Stress & Digestion

Fall has arrived! Though this time of year is often joyous and fun, it can also be the source of tension and stress. As we become overwhelmed with social obligations or work, it may be tempting to wolf down meals quickly or turn to sweets for comfort… only to feel lethargic and less-than-best later. Below is some information about how digestion works and tips to keep you feeling good all holiday season long!

Did you know that digestion starts in the brain? Before you eat, the brain signals for the production of digestive enzymes and juices, but this only really works if the parasympathetic (“rest and digest”) system is activated!
– Before eating anything, stop whatever else you’re doing and focus on your food! Don’t drive, don’t watch TV or look at your phone — simply stop. Take a few deep breaths and relax to allow your body to switch from the active “fight or flight” mode to the necessary “rest and digest.” It helps to smell and think about your food too!

Next digestion moves to the mouth where food is mechanically and chemically broken down. How well are you chewing your food? Are you giving your body time to produce saliva? The goal of digestion is to break down food into particles so small that the nutrients can be absorbed and used by the cells of the body. Our stomachs don’t have teeth, so it?s important to chew well!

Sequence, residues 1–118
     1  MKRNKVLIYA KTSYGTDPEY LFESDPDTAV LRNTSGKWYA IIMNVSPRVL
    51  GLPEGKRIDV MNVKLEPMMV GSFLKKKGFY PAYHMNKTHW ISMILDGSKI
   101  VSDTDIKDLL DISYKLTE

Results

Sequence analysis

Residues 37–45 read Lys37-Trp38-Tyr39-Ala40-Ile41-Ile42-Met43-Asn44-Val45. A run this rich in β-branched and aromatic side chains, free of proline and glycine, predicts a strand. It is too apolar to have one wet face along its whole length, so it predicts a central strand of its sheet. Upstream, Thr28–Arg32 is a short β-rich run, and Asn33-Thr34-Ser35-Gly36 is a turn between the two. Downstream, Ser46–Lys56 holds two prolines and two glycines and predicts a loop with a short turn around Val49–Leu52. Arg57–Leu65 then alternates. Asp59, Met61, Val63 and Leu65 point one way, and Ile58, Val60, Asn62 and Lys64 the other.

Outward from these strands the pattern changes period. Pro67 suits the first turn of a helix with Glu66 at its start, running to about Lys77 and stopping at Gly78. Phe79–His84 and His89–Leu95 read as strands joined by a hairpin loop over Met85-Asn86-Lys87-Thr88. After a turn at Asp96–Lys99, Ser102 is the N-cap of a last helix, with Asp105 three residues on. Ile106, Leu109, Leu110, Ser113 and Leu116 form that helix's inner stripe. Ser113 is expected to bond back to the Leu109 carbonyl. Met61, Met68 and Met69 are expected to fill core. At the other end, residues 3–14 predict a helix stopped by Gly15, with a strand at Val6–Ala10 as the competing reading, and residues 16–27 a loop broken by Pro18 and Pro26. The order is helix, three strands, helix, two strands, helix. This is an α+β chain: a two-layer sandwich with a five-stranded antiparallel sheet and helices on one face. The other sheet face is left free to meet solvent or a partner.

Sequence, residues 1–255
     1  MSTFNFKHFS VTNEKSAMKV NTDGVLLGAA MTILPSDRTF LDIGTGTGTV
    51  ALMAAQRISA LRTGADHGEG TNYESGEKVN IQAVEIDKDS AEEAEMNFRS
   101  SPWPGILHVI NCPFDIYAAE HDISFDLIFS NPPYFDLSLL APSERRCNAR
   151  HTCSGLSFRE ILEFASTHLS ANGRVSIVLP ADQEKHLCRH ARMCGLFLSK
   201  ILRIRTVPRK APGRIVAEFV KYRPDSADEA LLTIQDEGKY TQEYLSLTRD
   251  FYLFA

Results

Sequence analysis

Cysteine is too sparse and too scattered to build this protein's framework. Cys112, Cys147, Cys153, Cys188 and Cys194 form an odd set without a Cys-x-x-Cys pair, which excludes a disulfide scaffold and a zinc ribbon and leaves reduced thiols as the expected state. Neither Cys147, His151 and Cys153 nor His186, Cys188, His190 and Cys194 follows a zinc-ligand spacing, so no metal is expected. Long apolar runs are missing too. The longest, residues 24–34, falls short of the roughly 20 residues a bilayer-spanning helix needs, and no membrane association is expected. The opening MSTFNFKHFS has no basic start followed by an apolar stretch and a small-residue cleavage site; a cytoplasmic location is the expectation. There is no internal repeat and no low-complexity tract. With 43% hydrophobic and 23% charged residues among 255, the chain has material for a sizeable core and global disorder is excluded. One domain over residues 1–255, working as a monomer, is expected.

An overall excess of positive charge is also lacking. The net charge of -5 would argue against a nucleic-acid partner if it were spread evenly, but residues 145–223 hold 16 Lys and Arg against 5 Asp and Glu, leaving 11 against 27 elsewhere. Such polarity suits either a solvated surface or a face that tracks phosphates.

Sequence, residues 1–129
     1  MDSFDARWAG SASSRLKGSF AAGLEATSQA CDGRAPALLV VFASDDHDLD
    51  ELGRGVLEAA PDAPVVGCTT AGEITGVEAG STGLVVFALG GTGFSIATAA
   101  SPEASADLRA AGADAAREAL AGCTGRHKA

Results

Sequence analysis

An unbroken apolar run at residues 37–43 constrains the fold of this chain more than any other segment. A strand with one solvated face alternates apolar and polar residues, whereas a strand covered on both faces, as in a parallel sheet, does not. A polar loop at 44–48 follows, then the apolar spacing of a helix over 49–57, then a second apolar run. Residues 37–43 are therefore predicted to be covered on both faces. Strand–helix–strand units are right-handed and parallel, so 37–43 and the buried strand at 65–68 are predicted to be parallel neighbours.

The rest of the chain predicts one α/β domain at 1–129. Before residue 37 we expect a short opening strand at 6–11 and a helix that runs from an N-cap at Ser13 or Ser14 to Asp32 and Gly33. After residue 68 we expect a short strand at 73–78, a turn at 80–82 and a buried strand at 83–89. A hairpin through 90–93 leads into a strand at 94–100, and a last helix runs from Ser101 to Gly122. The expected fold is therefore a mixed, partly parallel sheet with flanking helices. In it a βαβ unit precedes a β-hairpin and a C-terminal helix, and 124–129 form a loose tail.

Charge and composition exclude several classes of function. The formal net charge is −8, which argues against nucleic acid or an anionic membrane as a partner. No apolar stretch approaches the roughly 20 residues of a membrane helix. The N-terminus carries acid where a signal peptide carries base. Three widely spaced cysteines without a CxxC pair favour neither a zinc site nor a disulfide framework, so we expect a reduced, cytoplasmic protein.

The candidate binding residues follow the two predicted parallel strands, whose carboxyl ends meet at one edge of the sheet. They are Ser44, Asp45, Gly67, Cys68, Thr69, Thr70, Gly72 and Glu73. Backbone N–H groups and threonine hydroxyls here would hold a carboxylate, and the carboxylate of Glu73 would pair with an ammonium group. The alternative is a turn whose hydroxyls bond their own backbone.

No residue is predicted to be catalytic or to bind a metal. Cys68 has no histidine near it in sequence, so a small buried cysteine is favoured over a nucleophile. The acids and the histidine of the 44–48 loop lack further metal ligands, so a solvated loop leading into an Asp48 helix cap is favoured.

– Next time you eat, try setting your utensil (or the food itself) down between bites. Let yourself taste and enjoy each bite! Not only will eating slower encourage more chewing, but this stimulates more saliva production which is important for breaking down food!

The stomach is where we imagine most of digestion happens — and that’s mostly true! Acid in the stomach breaks down proteins, and churning helps to break down the particles so they’re small enough to absorb. Stress can affect acid production and
make it harder to break down food particles. This can lead to discomforts like heartburn and bloating!
– If you’re experiencing discomfort from eating, but you’ve already mastered eating slowly and mindfully, enjoying something bitter before a meal (arugula is wonderful!) or something acidic (like water with lemon juice or a small splash of apple cider vinegar) can help boost stomach acid production and prevent some of those discomforts.

For more information please visit my website and blog at bit.ly/rebelyum or email me at shelby.ntp@gmail.com! I’d love to help you!
Shelby O’Hagan
Nutrition Consultant